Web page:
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August 2004
Film Festival: 2004 Urbanworld Film Festival Wrap-Up

2004 Urbanworld Film Festival Wrap-Up

by Niija Kuykendall

With the lack of funding and support for diverse, original, multicultural, "urban" films in mainstream Hollywood, the 2004 Urbanworld Film Festival was a refreshing look at the original work being independently produced in the urban community. With its mixture of Hollywood and independent, entertainment and political, domestic and international, the festival has evolved into a comprehensive, melting pot of the best of our creative work.

The festival's line up included such buzzed about, surefire hits as Hair Show, Hero and The Seat Filler. First-time director Leslie Small's Hair Show is a light hearted look at the world of black hair competitions. Mo'Nique stars as Peaches, a hair stylist from Baltimore who arrives in LA for her estranged sister's hair salon reunion. When Angela finds out Mo'Nique needs thousands of dollars to pay the IRS while a rival hair salon is sabotaging Angela, the sisters decide to join together and compete in the annual hair show to solve their problems. As usual, Mo'Nique is the most humorous and refreshing aspect of a film that could have been not too original, especially with all the hair salon/barbershop films buzzing around Hollywood. The director also does a good job at exhibiting the dramatic dynamics of a hair show. Esteemed Chinese director Zhang Yimou's Hero is an amazing historical saga telling the story of the first emperor of China. As with his previous films, Ju Dou and Raise the Red Lantern, Yimou uses beautiful cinematography, color contrast and special affects to make this film an engrossing adventure for the audience. The story is also a well-developed, fascinating tale of ancient China.

An enjoyable experience at the festival was the Closing night  film, The Seat Filler, a romantic comedy starring Duane Martin and Destiny's Child songstress Kelly Rowland. Martin is Derrick, a cash strapped law school graduate studying for the bar. When his best friend convinces him to be a seat filler at award shows for extra money, Derrick draws a lucky card and sits next to the beautiful superstar Jhnelle. The pair make an instant connection and embark on a romantic adventure when Derrick lies to Jhnelle and makes his identity a bit more successful. The film turned out to be a sweet, fresh romantic comedy that deserves accolades because of its lack of the regular black romantic comedy players. Duane Martin is funny and good-natured, his side-kick comedian DeRay Davis is HILARIOUS and Kelly Rowland makes an excellent big screen debut with her down-to-earth, sweet portrayal of Jhnelle.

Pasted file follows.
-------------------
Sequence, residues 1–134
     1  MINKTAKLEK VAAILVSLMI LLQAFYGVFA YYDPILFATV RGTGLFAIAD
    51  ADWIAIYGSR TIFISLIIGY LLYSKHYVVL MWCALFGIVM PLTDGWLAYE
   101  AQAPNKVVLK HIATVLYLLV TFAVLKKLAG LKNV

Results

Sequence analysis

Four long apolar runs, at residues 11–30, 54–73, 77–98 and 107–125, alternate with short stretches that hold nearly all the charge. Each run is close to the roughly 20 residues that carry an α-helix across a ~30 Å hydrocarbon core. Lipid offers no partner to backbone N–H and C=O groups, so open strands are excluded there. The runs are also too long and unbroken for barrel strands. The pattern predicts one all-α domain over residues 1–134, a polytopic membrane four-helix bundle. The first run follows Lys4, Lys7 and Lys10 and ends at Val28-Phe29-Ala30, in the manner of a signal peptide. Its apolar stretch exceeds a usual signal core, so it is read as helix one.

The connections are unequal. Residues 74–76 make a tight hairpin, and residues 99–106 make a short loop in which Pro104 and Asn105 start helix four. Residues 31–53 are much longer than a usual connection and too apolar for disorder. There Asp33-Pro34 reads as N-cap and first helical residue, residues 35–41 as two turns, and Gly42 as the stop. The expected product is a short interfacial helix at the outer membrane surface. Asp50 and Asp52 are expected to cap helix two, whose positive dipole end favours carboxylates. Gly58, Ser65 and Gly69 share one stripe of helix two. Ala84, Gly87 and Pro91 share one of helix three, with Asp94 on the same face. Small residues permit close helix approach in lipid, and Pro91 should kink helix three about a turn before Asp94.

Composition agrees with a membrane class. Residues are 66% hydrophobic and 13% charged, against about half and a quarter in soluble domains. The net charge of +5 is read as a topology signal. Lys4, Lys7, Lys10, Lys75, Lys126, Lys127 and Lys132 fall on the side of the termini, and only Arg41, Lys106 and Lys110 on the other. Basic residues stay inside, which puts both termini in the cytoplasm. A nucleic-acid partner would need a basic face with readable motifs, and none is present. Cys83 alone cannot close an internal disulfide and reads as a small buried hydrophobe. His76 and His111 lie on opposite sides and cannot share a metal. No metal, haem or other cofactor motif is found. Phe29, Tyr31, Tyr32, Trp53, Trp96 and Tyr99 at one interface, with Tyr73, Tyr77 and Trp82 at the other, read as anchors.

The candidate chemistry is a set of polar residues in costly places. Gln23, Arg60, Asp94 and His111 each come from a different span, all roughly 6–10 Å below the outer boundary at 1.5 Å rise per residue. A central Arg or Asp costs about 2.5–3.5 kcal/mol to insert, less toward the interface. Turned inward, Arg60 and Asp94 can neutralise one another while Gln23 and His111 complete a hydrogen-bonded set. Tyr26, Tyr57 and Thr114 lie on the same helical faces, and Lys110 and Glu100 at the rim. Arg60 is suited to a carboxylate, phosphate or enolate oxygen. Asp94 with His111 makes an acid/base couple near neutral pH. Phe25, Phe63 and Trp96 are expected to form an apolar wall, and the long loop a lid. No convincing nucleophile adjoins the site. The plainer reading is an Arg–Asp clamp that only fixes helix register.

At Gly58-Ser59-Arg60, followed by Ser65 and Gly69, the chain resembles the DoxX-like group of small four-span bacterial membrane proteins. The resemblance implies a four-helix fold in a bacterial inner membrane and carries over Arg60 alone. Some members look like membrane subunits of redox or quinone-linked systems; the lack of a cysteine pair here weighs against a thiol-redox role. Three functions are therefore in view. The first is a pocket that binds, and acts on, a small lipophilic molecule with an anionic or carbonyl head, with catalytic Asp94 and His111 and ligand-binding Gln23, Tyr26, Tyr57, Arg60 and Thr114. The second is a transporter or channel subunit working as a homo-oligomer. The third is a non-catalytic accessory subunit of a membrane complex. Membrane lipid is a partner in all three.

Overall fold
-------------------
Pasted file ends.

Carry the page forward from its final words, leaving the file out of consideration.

The festival also exhibited excellent, diverse array of documentaries including, Negroes With Guns and Afro-Punk. Sandra Dickson and Churchill Roberts' Negroes With Guns is a comprehensive, engaging portrayal of civil rights figure Robert Williams. Williams' philosophy of armed self-defense as opposed to non-violent protest during the civil rights movement was a basic foundation for movements such as the Black Panther movement. Afro-Punk is a fascinating exploration of race identity within the punk rock scene. Director James Spooner grabs the audience with his portraits of four African American young folks who have dedicated their lives to the punk rock lifestyle. An entertaining yet political statement on the dynamics of racial identity in the arts of this country, this film is definitely a must-see.

The short film choices were wide, varied and pretty good in their production quality and story development. Alrick Brown's The Adventures of SuperNigger is an interesting, fantastical take on the issue of police brutality, using a superhero to tell the story of cases such as Amadou Diallo's. A study of relationships and divorce, Rosalyn Williams' Allergic to Nuts is a beautiful glimpse at the difficulties of life after marriage. Director Christopher Scott Cherot gives us two offerings with Andre Royo's Big Scene and The Male Groupie. The former stars Andre Royo as himself on his first acting gig in a major film and the hilarious results of dealing with an ego-tripping star. The Male Groupie is a humorous yet tragic look at the antics of a hip hop star's childhood friend turned entourage member turned male groupie.  Overall, this was an excellent film festival for film lovers and the general audience looking to be entertained.

2004 Urbanworld Film Festival Winners

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